Random notes


I have today (Monday), off work in lieu of having worked on Saturday; parents day. It was an interesting day. I awoke at 6:30am, the usual time and it was cold. Compared with Sidney it’s not particularly cold but, in Japan there is no real central heating or insulation so there is a pervasive and pernicious dampness that always reminds you that it is winter. Even in the schools, although the classes are heated, the hallways are not and you are well-advised to wear a sweater. Many students, and adults for that matter, wear surgical masks at this time of year to curtail the transmission of flu and colds. It’s interesting to consider that something North Americans would not even consider for a moment, probably saves the Japanese health care system the equivalent of millions of dollars a year. But that’s Japan: It’s about the common good.  But I digress: Saturday!

It was cold. By noon though, the temperature had risen to 18 degrees. It was like summer. There was only one English class scheduled and I attended with Andrew (who is in his fourth year as an ALT)  and of course, the sensei.  Sensei is a great teacher, knowledgeable and with a great sense of humor that engages her students. She drew upon Andrew to assist the lesson and I pretty much stood there for 50 minutes with a rictus-like grin on my face doing nothing. I cannot fault sensei though, she and Andrew  have worked together for at least a year and clearly have a very comfortable working relationship. With parents lining the back of the room, she had to bring her “best game” to the classroom and Andrew “works the room” like Sinatra in Las Vegas. The students adore him.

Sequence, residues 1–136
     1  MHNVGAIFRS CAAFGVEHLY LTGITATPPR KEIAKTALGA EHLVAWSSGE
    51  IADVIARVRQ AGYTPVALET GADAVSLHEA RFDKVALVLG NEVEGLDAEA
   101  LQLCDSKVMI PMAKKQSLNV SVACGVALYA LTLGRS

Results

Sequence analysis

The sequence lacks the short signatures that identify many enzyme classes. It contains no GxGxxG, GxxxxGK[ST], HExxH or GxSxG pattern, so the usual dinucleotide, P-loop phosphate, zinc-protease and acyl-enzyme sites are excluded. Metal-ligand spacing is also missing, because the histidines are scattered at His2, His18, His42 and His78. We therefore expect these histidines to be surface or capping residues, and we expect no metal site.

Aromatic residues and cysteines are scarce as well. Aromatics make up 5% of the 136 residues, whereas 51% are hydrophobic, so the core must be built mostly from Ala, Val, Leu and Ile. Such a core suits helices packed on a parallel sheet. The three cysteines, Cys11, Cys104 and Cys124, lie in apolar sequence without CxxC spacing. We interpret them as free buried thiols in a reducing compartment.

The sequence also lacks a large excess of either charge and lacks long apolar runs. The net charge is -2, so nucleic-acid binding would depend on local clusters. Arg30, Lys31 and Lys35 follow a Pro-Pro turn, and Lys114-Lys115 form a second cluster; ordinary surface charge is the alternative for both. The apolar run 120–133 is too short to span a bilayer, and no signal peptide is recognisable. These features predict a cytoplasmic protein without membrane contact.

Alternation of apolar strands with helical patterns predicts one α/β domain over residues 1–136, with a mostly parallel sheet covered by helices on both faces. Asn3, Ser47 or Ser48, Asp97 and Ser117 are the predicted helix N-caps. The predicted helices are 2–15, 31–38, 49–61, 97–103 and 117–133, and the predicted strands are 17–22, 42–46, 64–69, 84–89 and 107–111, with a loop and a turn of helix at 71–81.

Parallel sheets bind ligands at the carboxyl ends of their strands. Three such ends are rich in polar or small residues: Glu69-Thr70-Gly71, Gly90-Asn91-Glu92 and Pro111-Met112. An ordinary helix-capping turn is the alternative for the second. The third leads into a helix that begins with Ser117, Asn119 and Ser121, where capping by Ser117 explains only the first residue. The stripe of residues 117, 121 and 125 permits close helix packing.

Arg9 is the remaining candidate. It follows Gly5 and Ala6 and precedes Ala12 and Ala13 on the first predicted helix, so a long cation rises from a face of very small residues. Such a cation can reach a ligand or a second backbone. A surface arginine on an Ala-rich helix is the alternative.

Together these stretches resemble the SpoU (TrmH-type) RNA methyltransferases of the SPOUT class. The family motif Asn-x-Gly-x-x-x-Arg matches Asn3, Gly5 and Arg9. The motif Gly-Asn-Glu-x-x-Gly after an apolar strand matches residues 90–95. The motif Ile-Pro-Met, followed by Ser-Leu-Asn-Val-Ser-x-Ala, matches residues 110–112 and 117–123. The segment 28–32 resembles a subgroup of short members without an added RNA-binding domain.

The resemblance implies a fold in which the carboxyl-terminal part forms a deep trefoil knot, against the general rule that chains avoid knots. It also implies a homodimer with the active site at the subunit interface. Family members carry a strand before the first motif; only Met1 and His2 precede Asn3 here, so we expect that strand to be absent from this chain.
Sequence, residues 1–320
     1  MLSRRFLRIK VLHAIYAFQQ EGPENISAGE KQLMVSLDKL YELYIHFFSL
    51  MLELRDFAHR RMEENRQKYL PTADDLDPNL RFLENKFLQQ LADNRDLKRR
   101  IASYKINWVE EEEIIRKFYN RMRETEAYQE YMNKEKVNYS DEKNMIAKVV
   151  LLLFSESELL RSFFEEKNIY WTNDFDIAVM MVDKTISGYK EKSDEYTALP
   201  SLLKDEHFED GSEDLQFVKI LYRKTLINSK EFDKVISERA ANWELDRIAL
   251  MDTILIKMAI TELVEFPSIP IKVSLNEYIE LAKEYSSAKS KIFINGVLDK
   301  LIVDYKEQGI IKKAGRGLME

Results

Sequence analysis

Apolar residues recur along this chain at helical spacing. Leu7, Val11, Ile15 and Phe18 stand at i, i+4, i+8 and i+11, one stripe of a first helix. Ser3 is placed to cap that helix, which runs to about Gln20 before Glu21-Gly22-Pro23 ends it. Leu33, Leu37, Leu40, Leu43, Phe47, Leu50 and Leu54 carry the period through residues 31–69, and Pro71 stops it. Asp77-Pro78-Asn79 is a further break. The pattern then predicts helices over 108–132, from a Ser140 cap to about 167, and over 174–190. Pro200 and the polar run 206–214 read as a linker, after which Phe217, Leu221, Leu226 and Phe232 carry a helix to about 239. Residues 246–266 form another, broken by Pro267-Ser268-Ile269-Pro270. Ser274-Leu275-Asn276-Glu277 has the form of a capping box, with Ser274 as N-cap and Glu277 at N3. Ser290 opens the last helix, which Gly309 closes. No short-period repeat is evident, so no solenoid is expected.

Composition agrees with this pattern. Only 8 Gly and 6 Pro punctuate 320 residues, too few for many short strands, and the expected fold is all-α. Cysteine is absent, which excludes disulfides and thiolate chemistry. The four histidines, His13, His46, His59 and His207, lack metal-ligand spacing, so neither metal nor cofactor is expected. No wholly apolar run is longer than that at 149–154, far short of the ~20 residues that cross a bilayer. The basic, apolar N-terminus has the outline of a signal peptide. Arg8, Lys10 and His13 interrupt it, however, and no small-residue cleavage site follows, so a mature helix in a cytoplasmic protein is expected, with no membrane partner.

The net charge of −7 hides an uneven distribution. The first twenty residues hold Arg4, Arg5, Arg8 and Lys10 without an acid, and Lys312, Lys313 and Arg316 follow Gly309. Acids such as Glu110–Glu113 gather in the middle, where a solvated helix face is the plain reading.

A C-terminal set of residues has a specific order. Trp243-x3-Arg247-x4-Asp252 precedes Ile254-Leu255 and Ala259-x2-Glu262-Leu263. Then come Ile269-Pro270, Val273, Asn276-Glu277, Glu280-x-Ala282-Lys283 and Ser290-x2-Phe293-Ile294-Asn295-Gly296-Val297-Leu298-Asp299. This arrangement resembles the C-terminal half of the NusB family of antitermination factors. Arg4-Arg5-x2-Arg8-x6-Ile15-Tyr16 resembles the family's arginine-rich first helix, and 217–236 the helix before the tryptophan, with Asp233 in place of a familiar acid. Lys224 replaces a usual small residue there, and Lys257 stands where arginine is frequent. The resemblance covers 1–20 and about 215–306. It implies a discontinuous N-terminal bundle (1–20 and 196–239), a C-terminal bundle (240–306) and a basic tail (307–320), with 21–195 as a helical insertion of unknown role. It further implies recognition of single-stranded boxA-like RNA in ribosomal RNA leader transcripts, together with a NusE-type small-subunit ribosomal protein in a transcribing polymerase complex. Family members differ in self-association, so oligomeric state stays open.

On Andrew’s  recommendation we went to a curry restaurant for lunch. The food was great. Prior to moving to  Japan I’d eaten in dozens of Japanese restaurants in Vancouver, Victoria and Toronto,  but have never seen  curry on any menu. In  Japanese supermarkets, curry dishes generally  assume more space than the cheese, bread and breakfast cereals sections combined.

I arrived in Niimi on August 20th and to date, have not really left the town. Naomi has actually sent me an email that included various train schedules and destinations. I could defend my un-peripatetic lifestyle by saying that I had to wait for a wi-fi connection,  acclimate to schools, and learn how to pay bills. Truth is though, I’ve already done those things and I really should be doing some travelling. I’ ll be going to Kyoto in December. Kyoto, the original capital of Japan, is noted for having more than 1,700 Buddhist temples, 300 Shinto shrines, gardens, palaces, museums and galleries. I’m looking forward to visiting.

Rather than stay at a hotel,  I’m hoping to book a room at a Ryokan. A Ryokan is a traditional  Japanese Inn. Royokans , at their best , preserve the history of traditional Japanese Inns. Owners take pride in preserving a building that reflects a traditional atmospheric history.  Preservation of a true Ryokan is traditionally considered to be more important than the comfort of the guests.


Ta for now.




Leave a Reply

Your email address will not be published. Required fields are marked *